Catch by Simon Robson
|Catch by Simon Robson|
|Category: Literary Fiction|
|Reviewer: Ruth Ng|
|Summary: Catharine spends her days waiting for her husband, a human-rights lawyer to come home from work and by night she tries to conceive a child. In this powerfully written narrative she reflects on every detail of her life, both past and present, including encounters with friends, neighbours and family.|
|Buy? Yes||Borrow? Yes|
|Pages: 272||Date: January 2011|
Catharine's husband Tom is away on business in Birmingham, and so Catharine awakes alone for the first time in their little cottage at the end of their lane. They moved there a few months previously, and since then Catharine has spent her days quietly awaiting her husband's return from work. She is sure that she will figure out, some day, what her purpose in life is. She thought it might be to have a baby, but they have been trying for some time and it hasn't happened as yet. Meanwhile she waits, and thinks, and waits. In the lounge stands her piano, a stark reminder of the life she didn't manage to realise because although she studied music she found, quite quickly, that in spite of being passionate she lacked any kind of talent for it whatsoever. So, on this day, alone at home, Catharine finds herself tormented by the piano's presence and over-thinking every second of the day. She worries away at who she is, and what her life is, as her loneliness and the day itself unravel around her.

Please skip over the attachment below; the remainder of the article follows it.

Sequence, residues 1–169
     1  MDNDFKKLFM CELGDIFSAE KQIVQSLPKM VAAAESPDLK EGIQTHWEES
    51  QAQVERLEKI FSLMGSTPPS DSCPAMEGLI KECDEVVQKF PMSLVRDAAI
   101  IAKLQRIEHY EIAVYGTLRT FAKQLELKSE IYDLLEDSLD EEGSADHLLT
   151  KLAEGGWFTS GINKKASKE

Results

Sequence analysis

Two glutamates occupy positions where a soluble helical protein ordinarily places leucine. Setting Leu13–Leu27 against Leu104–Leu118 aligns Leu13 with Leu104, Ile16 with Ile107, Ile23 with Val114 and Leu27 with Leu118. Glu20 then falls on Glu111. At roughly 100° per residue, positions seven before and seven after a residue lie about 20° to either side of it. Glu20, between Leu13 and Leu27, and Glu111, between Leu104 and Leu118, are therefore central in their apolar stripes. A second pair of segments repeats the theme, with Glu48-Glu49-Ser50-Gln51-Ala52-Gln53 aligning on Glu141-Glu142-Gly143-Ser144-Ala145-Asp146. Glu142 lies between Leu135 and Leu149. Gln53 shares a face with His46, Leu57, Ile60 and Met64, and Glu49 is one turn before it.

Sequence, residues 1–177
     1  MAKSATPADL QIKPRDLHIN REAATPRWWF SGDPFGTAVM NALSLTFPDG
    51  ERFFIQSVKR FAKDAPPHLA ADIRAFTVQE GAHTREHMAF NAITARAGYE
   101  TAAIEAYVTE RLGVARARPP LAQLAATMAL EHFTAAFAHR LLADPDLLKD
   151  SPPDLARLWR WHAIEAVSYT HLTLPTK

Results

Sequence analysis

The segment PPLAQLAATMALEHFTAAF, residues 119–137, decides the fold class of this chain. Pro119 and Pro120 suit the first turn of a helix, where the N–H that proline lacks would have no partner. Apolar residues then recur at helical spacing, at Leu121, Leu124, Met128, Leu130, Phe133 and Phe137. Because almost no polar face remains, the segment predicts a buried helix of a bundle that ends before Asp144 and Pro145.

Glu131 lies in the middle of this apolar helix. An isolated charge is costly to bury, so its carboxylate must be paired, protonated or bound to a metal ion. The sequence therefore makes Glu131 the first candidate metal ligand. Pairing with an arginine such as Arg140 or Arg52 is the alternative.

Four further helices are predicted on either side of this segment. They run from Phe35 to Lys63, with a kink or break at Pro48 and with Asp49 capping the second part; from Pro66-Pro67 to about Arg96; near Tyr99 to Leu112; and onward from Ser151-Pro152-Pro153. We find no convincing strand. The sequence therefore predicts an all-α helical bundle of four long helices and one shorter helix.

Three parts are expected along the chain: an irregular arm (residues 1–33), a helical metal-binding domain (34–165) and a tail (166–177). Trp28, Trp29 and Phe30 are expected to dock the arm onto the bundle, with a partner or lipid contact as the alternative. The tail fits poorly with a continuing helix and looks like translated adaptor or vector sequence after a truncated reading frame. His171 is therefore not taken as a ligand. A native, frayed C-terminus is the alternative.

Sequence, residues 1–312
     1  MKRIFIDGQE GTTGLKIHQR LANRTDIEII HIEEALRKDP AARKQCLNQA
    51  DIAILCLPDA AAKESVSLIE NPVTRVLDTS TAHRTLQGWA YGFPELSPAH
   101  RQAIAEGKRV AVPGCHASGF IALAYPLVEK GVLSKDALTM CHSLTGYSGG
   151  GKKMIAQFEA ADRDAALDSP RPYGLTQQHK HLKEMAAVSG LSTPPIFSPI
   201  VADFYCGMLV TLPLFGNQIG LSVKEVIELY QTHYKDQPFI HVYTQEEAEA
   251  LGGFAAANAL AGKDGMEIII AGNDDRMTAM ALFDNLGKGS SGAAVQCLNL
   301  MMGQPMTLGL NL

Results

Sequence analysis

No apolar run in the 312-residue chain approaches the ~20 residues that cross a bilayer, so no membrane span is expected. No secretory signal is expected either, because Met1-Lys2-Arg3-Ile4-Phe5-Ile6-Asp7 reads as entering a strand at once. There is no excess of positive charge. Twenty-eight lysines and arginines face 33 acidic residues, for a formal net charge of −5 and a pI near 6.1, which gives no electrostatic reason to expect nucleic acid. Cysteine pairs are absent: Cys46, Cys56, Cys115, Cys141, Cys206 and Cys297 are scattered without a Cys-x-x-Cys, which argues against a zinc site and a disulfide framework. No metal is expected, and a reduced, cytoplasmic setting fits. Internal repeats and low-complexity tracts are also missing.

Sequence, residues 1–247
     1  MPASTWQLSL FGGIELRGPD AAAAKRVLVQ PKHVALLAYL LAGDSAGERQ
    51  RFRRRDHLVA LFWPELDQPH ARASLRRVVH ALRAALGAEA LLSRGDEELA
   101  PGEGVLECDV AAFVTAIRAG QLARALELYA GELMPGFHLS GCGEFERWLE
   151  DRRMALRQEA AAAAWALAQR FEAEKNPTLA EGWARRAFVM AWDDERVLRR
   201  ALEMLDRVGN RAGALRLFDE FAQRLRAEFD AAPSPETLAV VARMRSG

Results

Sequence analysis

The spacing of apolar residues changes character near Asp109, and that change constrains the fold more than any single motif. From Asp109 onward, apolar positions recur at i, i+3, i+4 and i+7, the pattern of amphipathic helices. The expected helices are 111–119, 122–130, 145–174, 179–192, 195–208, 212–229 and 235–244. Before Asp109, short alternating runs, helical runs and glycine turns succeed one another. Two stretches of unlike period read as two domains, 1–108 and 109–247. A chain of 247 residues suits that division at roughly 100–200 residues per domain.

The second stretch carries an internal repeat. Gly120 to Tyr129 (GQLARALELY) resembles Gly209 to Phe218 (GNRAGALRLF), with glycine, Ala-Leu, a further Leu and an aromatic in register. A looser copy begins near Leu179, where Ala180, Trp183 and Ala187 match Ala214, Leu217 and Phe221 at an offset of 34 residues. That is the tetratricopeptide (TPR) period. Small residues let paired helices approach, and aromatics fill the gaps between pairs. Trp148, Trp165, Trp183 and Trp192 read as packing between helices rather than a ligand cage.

There aren't convenient 'stop' points in this story. No chapters, or sub chapters. I found myself reading on and on, unable somehow to just stop mid-page and allow myself a break. Because of this the story has a wonderfully continuous feel about it, so that as the day passes for Catharine it passes too for the reader, experiencing the day as she does. I felt a strange tie to Catharine, both liking her and hating her from page to page. Sometimes I could sense exactly where she was coming from, as if she were a real friend that I knew, whereas at others I felt angry that she would suddenly seem a clunking, pretend female character written by an obviously male writer. This flip-flop feeling seemed to continue through the book, as I half-loved, it half-loathed it. Catharine's endless internal questioning can feel quite draining, but then again, much of the time I was engrossed in the story.
The tale isn't entirely dominated by Catharine as she does engage in some encounters with others in the village, however the focus remains on her at all times. The other supporting roles are from some intriguing characters, and helped to move the story along and stop it stagnating with Catharine's thoughts. I liked the busy-body neighbour, Valerie Mountjoy, very much. She's another screwed-up woman, and the argumentative inter-play between them is funny and clever and frustrating. The whole story leads into a big denouement with Catharine's old friend, Maria, coming to visit. I personally felt the story fell down at the end. I guessed at what was coming, and then didn't really like how the story worked itself out. Still, I'm a bit of a sucker for a happy ending, so if that's not on your list of requirements for a book then you'll probably be happier than I was with the ending. Anyway, this was definitely an interesting, thought-provoking book, and makes me want to take a look at what else he's written, or will write in the future.
I'd like to thank the publishers for sending a copy to The Bookbag.
For something still literary, but with more places to stop for a cup of tea, try The Complete Novellas by Agnes Owens or Too Many Magpies by Elizabeth Baines. The Piano Teacher by Elfriede Jelinek is also well-worth reading.
You can read more book reviews or buy Catch by Simon Robson at Amazon.co.uk.
You can read more book reviews or buy Catch by Simon Robson at Amazon.com.
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